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35 Figure 2 4 Fluorite cr ystal structure. The FCC network of cations (blue spheres) with anions (red spheres) occupying the tetrahedral sites. as The first letter refers to the lattice type. Here, F stands for face center cubic (FCC). T he following three sets of symbols denote the three kinds of symmetry directions of the lattice relative to the space group, naming primary, secondary, and tertiary directions, respectively. For the FCC unit cell, the primary symmetry directions are <100>, i.e., [100], [010], and [001]; the secondary symmetry directions are <111>; the tertiary symmetry directions are <110>. In the symmetry, represent s four fold rotational symmetry along the principle axis with a mirror plane perpendicular to the axis. refers to the rotoinversion along the diagonal (i.e. secondary) direction of the unit cell. stands for two fold rotation along the edge of the unit cell (i.e. tertiary direction) with a mirror plane perpendicular to the edge. Fig 2 5 schematically shows all three symmetry operations mentioned above.

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36 Figure 2 5 Gr aphic representation of three different symmetry operations for space group : (a) four fold rotation along <100>, (b) three fold rotation along <111>, and (c) two fold rotation along <110> 2.6 Radiation Damage Nuclear energy is part of solution to the increasing global energy demand and concerns about greenhouse gas emissions. A fundamental understanding of defect formation, accumulation, and annihilation in irradiated ceramics is required to develop novel radiation tolerant ceramics for improving the performance of the fuel, and for developing long lasting storage materials. When materials are bombarded with radiation, electrons may come out of their original orbital s, and atoms may displace from their original sites. In this process, defects are also introduced, either by bombarding ions residing in the material or following nuclear reactions. Therefore, the properties of the material are altered, sometimes heavily, sometimes just slightly. These spontaneous processes can lead to the gradual and ultimately complete amorphization of the ceramic crystalline structure, which is undesirable for nuclear application because it is often accompanied by degradation of thermo mechanical properties and reduced chemical durability However, sometimes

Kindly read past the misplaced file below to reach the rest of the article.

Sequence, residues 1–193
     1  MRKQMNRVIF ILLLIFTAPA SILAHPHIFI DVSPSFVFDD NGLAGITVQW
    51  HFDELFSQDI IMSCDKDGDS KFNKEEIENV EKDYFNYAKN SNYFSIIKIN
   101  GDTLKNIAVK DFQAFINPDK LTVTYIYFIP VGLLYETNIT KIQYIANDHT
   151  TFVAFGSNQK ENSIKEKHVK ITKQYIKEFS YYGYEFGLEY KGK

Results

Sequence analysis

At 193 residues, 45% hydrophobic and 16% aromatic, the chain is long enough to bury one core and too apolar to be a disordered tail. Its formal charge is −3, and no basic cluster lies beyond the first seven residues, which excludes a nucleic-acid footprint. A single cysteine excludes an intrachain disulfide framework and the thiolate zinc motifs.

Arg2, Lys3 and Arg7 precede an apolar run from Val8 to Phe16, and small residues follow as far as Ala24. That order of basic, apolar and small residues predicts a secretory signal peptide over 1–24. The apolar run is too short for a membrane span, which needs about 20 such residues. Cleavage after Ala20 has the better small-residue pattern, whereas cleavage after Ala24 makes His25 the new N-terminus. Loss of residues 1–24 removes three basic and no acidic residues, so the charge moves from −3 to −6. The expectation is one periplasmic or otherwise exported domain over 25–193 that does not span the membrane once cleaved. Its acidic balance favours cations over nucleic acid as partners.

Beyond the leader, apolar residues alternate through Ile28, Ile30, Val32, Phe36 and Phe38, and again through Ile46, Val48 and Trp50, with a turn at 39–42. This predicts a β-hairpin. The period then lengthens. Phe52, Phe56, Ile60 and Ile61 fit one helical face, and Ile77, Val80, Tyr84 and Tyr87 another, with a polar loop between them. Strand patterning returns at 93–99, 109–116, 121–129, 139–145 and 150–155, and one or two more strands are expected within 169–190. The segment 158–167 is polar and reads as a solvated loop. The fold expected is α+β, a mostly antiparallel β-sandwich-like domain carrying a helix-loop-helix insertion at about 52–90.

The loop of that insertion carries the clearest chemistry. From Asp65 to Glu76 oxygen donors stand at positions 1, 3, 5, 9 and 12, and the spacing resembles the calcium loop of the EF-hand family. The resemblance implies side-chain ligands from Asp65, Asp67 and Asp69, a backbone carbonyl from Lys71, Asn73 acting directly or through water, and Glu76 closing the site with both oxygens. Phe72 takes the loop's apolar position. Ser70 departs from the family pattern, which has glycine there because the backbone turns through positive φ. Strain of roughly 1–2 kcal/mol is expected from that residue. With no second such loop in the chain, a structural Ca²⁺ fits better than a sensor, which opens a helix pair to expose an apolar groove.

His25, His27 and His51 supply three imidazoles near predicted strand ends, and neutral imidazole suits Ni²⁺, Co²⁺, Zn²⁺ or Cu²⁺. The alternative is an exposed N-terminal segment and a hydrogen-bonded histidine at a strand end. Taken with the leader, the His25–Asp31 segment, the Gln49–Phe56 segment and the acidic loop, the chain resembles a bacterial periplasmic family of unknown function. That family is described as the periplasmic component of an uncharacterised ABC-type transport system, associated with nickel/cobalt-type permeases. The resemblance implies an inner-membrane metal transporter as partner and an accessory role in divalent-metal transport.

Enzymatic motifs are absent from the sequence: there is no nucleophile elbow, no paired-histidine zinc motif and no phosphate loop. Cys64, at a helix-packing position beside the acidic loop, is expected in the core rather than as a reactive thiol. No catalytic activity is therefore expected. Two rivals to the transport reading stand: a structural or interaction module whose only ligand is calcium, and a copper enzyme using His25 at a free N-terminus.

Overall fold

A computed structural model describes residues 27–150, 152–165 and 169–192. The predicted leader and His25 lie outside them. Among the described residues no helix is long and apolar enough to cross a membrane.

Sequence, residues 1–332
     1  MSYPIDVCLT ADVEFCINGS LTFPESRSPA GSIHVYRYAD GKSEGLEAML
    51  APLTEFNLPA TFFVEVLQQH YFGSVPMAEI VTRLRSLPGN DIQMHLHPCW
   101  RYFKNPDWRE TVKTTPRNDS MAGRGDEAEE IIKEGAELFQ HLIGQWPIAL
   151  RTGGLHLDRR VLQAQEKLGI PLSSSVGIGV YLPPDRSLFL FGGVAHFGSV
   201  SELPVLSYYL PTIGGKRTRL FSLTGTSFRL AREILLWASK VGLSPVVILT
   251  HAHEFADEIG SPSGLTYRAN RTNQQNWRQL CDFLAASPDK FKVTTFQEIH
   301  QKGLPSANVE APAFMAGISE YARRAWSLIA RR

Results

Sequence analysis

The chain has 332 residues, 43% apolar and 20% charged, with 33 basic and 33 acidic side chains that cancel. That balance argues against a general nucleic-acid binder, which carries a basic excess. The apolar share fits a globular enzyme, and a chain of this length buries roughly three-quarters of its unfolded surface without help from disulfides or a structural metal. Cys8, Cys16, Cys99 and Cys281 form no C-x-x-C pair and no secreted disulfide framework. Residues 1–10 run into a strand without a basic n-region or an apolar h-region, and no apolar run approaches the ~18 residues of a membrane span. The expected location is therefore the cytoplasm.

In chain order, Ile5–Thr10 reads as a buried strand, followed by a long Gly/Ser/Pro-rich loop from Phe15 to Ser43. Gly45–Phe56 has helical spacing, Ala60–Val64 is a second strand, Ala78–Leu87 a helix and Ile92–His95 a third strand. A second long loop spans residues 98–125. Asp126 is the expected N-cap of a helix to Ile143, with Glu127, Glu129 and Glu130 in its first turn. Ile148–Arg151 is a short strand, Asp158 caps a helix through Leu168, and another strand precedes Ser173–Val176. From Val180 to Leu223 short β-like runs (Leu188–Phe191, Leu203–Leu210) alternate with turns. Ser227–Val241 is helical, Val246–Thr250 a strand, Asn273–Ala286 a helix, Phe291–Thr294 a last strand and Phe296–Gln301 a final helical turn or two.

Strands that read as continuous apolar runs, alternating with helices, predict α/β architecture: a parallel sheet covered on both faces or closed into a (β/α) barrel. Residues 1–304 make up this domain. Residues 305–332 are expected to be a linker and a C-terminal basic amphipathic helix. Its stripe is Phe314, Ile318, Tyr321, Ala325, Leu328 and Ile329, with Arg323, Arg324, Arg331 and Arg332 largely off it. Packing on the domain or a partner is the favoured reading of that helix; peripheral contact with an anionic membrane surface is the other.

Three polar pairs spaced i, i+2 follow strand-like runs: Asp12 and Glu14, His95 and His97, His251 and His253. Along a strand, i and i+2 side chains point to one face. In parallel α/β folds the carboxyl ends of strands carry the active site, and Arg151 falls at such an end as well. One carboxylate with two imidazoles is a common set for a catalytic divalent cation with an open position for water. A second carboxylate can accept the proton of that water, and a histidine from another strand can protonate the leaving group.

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37 defects can be annealed out, so the material will remain crystalline. The radiation response of ceramics relies on a dynamic balance between damage by defect accumulation and recovery from thermal annealing. The radiation damage phenomena take place in a very short time, and include two important phases (Fig. 2 6) 3 7 arising from the high their original lattice sites, there by producing a large number of point defect s and s mall lly lasts only a few picoseconds. By contrast the lasts longer and captures the mainly time dependent diffusion controlled kinetic evolution of these defects, including the annihilation and formation of larger long lasting defect clusters Some defects may recombine or be eliminated at microstructural sinks (GBs, dis locations, or external surface); others cluster to form voids or interstitial loops. Annihilation of point defects promotes radiation tolerance of the Figure 2 6 Defect evolution during ballistic and kinetic phases of the radiation damage. 3 7

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38 material while clusters l ead to long process determines the performance and lifetime of the material. Understanding the tolerant ceramic s and in UO 2 it is also the central problem of this thesis.